During the 90's, it started to become clear that Cosmos was becoming dated. Unfortunately, the things that distracted people most were not areas where the science had become outdated, but comparatively trivial issues like changing clothing and hair styles. In some areas, especially Solar System exploration and cosmology, science has progressed enormously since Cosmos was filmed. For the most part, the series stands up surprisingly well. Nevertheless, I changed the title of the course to Explorations of the Universe to eliminate any commitment to Cosmos and to allow the freedom to incorporate a broader range of other material. I have dropped  the weaker and more dated Cosmos episodes and added material from other sources.

Content of the Course

Explorations of the Universe differs from a conventional astronomy course in that it spends a lot of time on the broader social and historical context of science. For example, accurate determination of the shape of the earth was one of the major scientific problems of the 1700's. To determine the shape of the earth accurately, you need to do very accurate local surveys at widely separeted places in the tropics and in the arctic. You need to be able to mount sizable expeditions, get them there, supply them, and protect them. You also need world-class industry to make the extremely precise instruments needed, and world-class scientists to develop the mathematical techniques to analyze the data. You need, in short, to be a superpower. In the 1700's, Britain and France engaged in perhaps the first modern high-tech superpower rivalry, a forerunner of the Apollo Program and Star Wars.

Prerequisites for the course include any of a number of basic science courses, but these are not show-stoppers. A student with no scientific background at all might have difficulty, but if you have had reasonable exposure to science you should do all right. If in doubt, we can discuss the matter.

Teaching Philosophy

Since I was teaching the course as an overload myself when I revived it, I decided the basic philosophy should be to concentrate more on enjoying Sagan's series than on grading. That is still my belief. This should be an opportunity for students to learn about some of the exciting things science has discovered about the universe, without having to worry about being penalized for exploring outside their comfort zone.

I used to think it was just about impossible to get a D or F in this course, but eventually, alas, I was proven wrong. It became apparent that some students were treating the course as a blow-off course. It is emphatically not. I will make any reasonable (and sometimes unreasonable) accommodation to students who have problems with illness, work, or difficulty understanding the material. I will not accommodate students who simply want three easy credits.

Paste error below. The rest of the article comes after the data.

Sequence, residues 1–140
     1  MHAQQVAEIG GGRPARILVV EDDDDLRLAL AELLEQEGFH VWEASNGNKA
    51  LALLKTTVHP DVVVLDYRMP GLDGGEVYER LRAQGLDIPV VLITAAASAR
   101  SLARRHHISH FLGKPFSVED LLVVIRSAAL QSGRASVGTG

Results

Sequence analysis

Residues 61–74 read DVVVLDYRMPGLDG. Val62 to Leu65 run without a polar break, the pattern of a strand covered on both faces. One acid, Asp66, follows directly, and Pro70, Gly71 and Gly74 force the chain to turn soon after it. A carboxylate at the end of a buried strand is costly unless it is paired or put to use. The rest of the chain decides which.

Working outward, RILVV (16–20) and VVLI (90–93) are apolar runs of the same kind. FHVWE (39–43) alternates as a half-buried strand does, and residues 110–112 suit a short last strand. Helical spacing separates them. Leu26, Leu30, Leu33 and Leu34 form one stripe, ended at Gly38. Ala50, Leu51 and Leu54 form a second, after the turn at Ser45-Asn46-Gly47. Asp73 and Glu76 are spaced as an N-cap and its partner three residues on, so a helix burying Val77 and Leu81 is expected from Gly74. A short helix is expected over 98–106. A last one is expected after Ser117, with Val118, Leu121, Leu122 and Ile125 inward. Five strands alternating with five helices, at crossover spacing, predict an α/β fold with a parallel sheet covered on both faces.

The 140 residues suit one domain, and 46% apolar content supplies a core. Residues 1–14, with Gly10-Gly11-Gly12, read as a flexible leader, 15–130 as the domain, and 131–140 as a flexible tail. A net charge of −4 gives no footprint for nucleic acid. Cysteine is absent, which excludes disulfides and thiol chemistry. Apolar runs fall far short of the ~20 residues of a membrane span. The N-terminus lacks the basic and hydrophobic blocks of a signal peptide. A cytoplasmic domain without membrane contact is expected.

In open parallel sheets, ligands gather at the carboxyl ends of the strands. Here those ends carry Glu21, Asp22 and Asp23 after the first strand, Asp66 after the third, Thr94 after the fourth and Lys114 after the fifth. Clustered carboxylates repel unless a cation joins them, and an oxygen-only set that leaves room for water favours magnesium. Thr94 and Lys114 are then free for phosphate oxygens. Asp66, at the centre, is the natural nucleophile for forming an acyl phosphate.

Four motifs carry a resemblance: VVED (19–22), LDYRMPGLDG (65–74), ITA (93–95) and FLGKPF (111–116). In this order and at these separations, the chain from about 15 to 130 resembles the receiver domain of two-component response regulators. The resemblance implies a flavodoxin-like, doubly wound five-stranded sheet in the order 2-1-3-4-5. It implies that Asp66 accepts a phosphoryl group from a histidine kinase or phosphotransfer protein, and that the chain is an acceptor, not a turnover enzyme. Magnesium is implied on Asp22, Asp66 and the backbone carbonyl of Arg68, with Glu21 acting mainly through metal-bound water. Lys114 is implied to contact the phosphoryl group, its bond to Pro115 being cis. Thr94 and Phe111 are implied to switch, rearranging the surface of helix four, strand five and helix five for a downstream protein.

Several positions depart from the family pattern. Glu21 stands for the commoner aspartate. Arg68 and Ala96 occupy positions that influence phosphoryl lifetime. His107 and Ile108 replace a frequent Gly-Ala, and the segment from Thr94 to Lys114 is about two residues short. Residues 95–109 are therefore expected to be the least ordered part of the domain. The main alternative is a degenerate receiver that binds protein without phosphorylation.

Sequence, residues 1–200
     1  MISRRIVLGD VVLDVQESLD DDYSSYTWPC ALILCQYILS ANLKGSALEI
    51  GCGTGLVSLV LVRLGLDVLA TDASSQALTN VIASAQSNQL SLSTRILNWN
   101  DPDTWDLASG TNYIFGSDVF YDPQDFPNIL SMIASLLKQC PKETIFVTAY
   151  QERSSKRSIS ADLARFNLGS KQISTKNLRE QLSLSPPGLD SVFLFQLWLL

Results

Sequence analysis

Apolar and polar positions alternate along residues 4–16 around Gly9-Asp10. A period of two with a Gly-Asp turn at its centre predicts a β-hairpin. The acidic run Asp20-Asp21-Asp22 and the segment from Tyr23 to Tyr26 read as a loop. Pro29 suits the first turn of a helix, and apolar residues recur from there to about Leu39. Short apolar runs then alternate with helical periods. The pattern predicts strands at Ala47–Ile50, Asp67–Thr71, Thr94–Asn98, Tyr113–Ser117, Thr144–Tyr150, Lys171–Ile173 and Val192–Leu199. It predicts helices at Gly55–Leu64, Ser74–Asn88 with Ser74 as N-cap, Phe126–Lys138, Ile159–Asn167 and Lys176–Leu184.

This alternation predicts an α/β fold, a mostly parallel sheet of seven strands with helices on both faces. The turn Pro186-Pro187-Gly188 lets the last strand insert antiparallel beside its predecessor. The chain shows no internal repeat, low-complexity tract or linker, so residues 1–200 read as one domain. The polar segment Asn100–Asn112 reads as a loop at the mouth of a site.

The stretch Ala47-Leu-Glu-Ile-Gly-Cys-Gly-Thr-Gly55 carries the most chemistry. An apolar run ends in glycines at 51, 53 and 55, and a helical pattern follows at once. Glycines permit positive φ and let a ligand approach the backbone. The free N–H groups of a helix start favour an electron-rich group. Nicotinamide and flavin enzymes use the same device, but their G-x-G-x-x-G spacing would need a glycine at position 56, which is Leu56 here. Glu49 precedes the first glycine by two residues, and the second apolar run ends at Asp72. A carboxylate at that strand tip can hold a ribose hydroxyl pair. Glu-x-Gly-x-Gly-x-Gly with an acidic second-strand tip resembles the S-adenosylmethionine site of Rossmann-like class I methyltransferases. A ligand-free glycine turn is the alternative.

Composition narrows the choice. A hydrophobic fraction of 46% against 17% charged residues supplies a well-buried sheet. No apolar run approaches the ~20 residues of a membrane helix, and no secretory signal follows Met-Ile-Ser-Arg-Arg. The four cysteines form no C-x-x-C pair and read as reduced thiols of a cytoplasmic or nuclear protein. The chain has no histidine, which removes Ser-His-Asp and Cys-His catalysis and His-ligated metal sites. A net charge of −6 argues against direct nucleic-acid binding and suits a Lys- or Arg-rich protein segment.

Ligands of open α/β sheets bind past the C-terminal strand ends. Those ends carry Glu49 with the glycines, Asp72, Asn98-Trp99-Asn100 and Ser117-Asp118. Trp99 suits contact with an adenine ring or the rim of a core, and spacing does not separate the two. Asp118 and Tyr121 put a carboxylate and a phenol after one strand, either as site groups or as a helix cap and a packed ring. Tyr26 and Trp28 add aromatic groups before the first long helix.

Carl and Me

I never met or even corresponded with Sagan, who died December 20, 1996. I differ from him on a number of serious points. Nevertheless I am an enthusiastic fan of his work

One of the most common criticisms of Sagan is that he's "arrogant". Sagan does not pretend that junk stops being junk if enough people believe in it. Believers in UFO's and the paranormal loathe Sagan for that reason. But it's not arrogance to state something boldly if the facts back you up. One of the organizing themes in Cosmos is the conflict between science and anti-intellectualism, a conflict science seems to be losing at the moment.

Sagan has his flaws. It sometimes unnerves students to hear me criticize Sagan while at the same time using his videos. I consider his occasional flaws to be good teaching points. They show that even a top scholar can make mistakes or fall prey to prejudices and stereotyping, they illustrate the need to use all sources critically, and they show that there are legitimate differences of opinion among scientists. Sagan's forays into religion, philosophy and politics provide a good case study in the limitations of scientific credentials outside of science.

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Created 10 August 2009; Last Update 31 May 2020